If you find yourself swimming in a sea of debt, you may be wondering how you can possibly pull yourself out. You might be debating on whether or not to pay off your debt in full or do a bankruptcy filing.
When you choose to go the route of paying off your debt, also known as a debt settlement, you typically won’t need to contact a lawyer or financial counselor. A debt settlement is when you negotiate with a creditor to pay them a lump sum. The lump sum you end up paying the creditors is much lower than what your debt originally was. Most creditors would rather you pay them a lump sum, since declaring bankruptcy means they cannot collect from you.
A bankruptcy filing may occur when you are unable to pay the reduced amounts that were negotiated with your creditors in the debt settlement. There are two types of bankruptcy, Chapter 7 and Chapter 13. Chapter 7 will get rid of your debt in around 6 months, but you may not be able to keep your home. Chapter 13 will allow you to keep your home after your bankruptcy is settled, but you will still have mortgage payments to make. Chapter 7 typically is declared by those at the state’s median income level.
Debt settlements might be good for you for a number of reasons. For starters, if your creditors are willing to work with you to reduce your debt by a large margin, debt settlement might be the move. In addition, a stable income and the willingness to stick to a debt repayment plan are other signs that a debt settlement would work better for you than declaring bankruptcy.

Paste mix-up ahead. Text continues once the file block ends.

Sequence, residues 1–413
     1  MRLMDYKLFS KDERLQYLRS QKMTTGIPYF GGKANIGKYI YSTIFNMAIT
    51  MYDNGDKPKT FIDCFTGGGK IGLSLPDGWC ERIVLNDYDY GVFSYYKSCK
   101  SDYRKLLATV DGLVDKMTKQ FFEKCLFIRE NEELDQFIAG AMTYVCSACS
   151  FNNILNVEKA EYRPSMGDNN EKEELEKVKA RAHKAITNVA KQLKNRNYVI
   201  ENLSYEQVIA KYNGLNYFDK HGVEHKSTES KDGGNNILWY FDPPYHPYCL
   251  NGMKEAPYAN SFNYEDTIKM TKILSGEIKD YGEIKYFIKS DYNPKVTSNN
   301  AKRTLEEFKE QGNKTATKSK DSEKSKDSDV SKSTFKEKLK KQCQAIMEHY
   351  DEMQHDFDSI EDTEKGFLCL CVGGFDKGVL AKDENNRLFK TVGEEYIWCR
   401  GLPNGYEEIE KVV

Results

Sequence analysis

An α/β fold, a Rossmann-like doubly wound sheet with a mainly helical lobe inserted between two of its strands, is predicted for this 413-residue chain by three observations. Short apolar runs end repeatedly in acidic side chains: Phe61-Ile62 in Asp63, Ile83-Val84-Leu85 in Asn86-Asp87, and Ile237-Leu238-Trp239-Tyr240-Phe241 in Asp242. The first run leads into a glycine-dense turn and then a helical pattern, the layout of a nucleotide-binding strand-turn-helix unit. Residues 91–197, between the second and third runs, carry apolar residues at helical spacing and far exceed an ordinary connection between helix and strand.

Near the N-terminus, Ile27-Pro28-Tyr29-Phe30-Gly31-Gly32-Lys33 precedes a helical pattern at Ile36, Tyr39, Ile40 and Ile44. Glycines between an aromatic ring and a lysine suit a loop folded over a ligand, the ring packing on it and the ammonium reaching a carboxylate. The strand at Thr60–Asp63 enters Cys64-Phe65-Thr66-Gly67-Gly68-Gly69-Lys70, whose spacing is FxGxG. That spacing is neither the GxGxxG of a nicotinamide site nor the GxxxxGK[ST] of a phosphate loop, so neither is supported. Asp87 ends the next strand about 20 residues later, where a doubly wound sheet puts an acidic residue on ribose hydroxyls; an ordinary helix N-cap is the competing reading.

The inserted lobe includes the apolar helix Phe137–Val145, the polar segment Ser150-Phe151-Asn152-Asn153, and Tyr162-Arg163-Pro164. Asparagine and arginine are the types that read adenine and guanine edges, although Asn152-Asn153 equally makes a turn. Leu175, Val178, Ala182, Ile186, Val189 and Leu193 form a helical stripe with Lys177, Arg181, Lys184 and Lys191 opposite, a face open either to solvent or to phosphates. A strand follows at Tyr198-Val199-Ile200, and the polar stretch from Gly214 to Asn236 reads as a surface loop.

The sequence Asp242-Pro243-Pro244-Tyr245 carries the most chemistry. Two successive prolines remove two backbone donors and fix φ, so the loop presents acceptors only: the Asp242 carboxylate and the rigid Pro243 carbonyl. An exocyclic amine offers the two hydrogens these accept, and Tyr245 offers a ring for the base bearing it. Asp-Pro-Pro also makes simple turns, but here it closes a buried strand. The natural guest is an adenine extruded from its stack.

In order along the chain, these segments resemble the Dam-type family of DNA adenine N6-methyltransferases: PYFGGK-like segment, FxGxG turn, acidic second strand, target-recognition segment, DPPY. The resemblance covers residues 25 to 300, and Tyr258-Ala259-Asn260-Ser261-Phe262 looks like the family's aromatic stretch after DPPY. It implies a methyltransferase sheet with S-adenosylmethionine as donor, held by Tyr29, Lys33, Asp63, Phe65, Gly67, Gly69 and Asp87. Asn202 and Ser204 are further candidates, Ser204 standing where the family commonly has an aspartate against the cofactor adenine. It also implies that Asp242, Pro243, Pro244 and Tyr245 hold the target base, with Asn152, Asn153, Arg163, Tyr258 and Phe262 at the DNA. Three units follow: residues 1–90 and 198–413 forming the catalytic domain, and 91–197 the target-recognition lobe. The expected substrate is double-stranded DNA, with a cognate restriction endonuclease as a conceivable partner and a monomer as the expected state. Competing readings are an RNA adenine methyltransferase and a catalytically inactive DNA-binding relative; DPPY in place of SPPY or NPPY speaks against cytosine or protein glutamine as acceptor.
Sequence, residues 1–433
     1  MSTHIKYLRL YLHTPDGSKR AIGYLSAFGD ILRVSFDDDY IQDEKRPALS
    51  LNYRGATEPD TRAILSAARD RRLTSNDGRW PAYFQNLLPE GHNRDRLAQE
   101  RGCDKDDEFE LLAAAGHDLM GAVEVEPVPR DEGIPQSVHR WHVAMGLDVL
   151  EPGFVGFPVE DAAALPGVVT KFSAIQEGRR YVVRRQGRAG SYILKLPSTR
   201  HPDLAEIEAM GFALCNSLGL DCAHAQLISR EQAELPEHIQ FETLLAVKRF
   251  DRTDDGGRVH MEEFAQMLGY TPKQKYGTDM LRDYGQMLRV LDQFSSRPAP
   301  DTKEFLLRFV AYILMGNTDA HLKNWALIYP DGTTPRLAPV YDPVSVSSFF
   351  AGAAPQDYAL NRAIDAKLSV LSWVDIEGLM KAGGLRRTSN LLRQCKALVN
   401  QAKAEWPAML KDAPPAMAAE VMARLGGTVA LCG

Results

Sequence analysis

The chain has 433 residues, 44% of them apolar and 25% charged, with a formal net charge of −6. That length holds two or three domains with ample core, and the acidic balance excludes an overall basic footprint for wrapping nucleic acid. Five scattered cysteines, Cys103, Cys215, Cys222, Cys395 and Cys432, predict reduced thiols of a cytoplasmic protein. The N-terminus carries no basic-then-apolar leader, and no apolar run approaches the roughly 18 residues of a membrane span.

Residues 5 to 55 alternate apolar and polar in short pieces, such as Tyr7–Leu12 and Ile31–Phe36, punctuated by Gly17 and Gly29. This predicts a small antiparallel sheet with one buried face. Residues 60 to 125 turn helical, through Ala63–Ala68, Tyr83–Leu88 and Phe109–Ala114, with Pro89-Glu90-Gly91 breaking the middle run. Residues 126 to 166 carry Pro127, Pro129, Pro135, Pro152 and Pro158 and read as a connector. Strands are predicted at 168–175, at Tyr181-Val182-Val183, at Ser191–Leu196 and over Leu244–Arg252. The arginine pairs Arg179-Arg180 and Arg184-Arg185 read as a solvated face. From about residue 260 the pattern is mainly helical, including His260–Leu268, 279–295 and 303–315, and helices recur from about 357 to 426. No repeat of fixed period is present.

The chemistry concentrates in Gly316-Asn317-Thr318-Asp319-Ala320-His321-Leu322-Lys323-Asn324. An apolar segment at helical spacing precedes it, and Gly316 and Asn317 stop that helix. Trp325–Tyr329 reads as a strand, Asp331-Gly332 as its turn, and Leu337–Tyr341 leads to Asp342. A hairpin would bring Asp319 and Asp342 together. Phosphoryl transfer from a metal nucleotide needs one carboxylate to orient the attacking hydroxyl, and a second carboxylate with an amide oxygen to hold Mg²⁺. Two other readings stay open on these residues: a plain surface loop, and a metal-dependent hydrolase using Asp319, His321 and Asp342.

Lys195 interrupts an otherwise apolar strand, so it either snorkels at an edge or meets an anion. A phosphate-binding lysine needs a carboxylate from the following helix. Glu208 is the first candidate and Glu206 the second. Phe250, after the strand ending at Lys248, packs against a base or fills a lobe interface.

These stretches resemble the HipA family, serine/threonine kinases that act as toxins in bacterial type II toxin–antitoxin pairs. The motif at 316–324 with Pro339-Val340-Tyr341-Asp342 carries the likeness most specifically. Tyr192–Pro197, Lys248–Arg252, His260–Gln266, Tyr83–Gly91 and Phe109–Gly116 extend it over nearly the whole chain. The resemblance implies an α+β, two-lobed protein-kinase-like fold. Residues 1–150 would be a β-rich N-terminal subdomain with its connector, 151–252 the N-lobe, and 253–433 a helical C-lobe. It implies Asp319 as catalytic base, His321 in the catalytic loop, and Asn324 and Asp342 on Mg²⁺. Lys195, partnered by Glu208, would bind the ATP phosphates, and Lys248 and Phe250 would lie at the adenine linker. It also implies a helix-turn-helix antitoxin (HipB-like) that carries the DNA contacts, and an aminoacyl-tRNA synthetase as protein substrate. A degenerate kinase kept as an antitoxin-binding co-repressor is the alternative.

If you are in danger of losing your home, filing for Chapter 13 bankruptcy will help you catch up on mortgage payments. Bankruptcy also may be ideal for those who have no more options when it comes to debt relief, especially if they cannot afford the lump sum payments. This includes those that would have to draw from their retirement or IRA funds to pay off their debt.
Another factor many don’t consider when deciding between debt settlement or filing for bankruptcy is the amount of time it will take to pay off the debt. A good rule of thumb is that if the debt will take over 5 years to pay, it’s best to file for bankruptcy.
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